- Duty of Impartiality: A Trustee must treat all beneficiaries equitably, whether primary or secondary, current or remainder, depending on the terms of the trust instrument. It’s possible (if not likely) that not all beneficiaries are on the same page with respect to social issues and sustainable and impact investing generally. A Trustee must balance the views and interests of all beneficiaries and ensure that the desires of one beneficiary are not being satisfied at the expense of those of other beneficiaries.
- Duty of Prudent Investment: The essence of the prudent investment rule is that, absent any prohibitions in the trust document, while no single investment is per se prohibited, its potential impact on the trust’s investment portfolio must be carefully analyzed and considered, as well as its appropriateness given the trust’s terms and objectives and the needs and desires of the beneficiaries. While the Uniform Prudent Investor Act (adopted in most states) does not speak to sustainable and impact investing directly, it does specifically call for the Trustee to consider the “special relationship or special value” of an asset to the purposes of the trust or to one or more of the beneficiaries of the trust. In 2018, Delaware incorporated the concept of impact investing into its statute governing trusts; title 12 section 3302 of the Delaware Code now provides, in pertinent part, as follows: “In making investment decisions, a fiduciary may consider the general economic conditions, the anticipated tax consequences of the investment and the anticipated duration of the account and the needs of the beneficiaries; when considering the needs of the beneficiaries, the fiduciary may take into account the financial needs of the beneficiaries as well as the beneficiaries' personal values, including the beneficiaries' desire to engage in sustainable investing strategies that align with the beneficiaries' social, environmental, governance or other values or beliefs of the beneficiaries.”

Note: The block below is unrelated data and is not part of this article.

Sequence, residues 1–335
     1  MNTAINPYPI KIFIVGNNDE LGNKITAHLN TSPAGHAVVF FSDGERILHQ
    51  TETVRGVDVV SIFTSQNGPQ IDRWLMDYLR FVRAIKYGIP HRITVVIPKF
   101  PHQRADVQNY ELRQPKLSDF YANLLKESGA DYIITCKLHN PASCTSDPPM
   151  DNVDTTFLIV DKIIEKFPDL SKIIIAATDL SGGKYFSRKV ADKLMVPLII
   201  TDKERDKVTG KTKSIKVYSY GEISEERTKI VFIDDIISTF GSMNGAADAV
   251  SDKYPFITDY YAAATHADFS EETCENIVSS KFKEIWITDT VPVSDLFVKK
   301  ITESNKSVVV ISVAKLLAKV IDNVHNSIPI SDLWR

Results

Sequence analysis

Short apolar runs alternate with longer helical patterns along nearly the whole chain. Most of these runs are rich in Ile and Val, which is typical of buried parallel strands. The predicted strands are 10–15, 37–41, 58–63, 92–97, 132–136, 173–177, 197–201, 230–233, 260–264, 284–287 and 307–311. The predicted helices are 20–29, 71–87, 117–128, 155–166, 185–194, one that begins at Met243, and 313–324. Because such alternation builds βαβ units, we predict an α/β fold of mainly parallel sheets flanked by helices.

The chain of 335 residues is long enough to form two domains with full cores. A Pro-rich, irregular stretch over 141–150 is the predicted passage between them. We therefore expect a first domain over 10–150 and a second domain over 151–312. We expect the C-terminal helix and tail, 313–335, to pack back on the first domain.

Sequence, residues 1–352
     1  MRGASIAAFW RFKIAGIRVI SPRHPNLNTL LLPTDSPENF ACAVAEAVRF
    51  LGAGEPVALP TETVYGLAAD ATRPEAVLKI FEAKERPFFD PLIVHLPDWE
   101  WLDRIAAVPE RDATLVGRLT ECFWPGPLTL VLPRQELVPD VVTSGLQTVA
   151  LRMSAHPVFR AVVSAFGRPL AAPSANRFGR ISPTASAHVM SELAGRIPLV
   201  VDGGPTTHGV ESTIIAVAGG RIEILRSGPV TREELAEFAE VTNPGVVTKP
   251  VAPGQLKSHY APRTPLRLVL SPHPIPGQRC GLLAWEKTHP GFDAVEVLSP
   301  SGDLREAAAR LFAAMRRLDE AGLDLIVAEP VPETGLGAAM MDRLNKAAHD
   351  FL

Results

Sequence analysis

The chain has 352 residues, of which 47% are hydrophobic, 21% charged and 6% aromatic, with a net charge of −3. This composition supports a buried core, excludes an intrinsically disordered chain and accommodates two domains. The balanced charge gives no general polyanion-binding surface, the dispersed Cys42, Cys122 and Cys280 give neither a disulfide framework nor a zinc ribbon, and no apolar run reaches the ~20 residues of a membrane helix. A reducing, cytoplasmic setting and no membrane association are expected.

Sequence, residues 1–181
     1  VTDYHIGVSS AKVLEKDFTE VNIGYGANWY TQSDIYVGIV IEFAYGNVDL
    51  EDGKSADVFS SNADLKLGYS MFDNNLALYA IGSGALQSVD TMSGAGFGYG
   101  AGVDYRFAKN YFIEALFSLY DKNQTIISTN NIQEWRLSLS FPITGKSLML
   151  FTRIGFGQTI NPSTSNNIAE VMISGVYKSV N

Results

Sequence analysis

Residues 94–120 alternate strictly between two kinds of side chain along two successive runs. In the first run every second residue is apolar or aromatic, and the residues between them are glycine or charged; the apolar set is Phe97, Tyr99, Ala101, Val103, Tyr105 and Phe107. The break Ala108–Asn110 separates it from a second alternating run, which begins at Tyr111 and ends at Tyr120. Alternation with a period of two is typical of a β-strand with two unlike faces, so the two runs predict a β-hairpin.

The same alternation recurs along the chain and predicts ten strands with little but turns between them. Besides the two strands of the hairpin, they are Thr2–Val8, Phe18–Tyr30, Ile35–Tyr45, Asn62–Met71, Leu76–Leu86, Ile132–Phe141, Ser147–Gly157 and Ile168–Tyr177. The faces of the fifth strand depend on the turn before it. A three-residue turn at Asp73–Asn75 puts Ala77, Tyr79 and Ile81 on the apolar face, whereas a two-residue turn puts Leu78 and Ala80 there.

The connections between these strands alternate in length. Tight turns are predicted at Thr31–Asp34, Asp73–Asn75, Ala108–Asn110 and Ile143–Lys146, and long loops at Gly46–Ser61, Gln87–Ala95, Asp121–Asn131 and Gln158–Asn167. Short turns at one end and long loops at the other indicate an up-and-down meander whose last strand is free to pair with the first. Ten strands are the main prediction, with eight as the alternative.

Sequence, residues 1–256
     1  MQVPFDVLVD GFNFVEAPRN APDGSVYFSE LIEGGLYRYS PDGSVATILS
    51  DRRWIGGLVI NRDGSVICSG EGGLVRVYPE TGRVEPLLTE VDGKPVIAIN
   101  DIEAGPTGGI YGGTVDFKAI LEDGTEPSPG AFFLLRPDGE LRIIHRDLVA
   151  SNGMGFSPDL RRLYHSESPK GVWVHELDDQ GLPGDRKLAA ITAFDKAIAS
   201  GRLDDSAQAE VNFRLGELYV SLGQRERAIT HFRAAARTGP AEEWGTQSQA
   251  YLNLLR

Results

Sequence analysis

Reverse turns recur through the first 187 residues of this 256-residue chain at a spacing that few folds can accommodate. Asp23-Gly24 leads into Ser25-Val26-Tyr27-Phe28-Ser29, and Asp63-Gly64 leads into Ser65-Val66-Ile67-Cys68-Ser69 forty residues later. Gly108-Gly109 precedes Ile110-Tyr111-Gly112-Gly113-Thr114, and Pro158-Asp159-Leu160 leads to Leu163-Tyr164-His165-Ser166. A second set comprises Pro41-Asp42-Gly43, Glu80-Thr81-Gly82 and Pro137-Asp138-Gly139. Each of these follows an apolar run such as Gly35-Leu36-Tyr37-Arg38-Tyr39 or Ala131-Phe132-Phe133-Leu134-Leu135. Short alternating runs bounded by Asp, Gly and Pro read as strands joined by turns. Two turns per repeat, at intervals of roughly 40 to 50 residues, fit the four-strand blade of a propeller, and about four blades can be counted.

Again, for ESG integration strategies, it’s likely the case that, since the primary consideration in choosing to invest is the financial benefit potential to the beneficiaries, there is generally no substantial fiduciary risk presented. ESG integration strategies have been found to be more likely to result in better-than-benchmark returns than negative screens or exclusions. There is growing evidence that long-term risk-adjusted returns can be improved by properly considering ESG factors in the investment process.
The principal impetus for considering investment in Mission-driven Investing strategies and Values-based Investing strategies is likely to be (but may not always be) something other than to maximize the overall financial benefit potential to beneficiaries, and therefore such strategies typically have the flexibility to accept returns that range from concessionary to market rate. As such, the decision requires a more thorough analysis in light of the fiduciary duties of loyalty, impartiality and prudent investment.
The landscape of sustainable and impact investing is vast and adding a fiduciary overlay creates additional complexity. But with more and more data accessible which outlines the impact of ESG integration strategies on investment positive returns, the question that fiduciaries should be asking is whether they must only consider managers that take ESG factors into account when investing. It’s becoming essential for fiduciaries to truly understand the landscape of sustainable and impact investing and how it fits in with the role of a fiduciary.
Elisabeth Madden is Managing Director of Trust & Estate Advisory, and Candice Dial is Senior Vice President and Director of ESG Investments, both at Rockefeller Capital Management.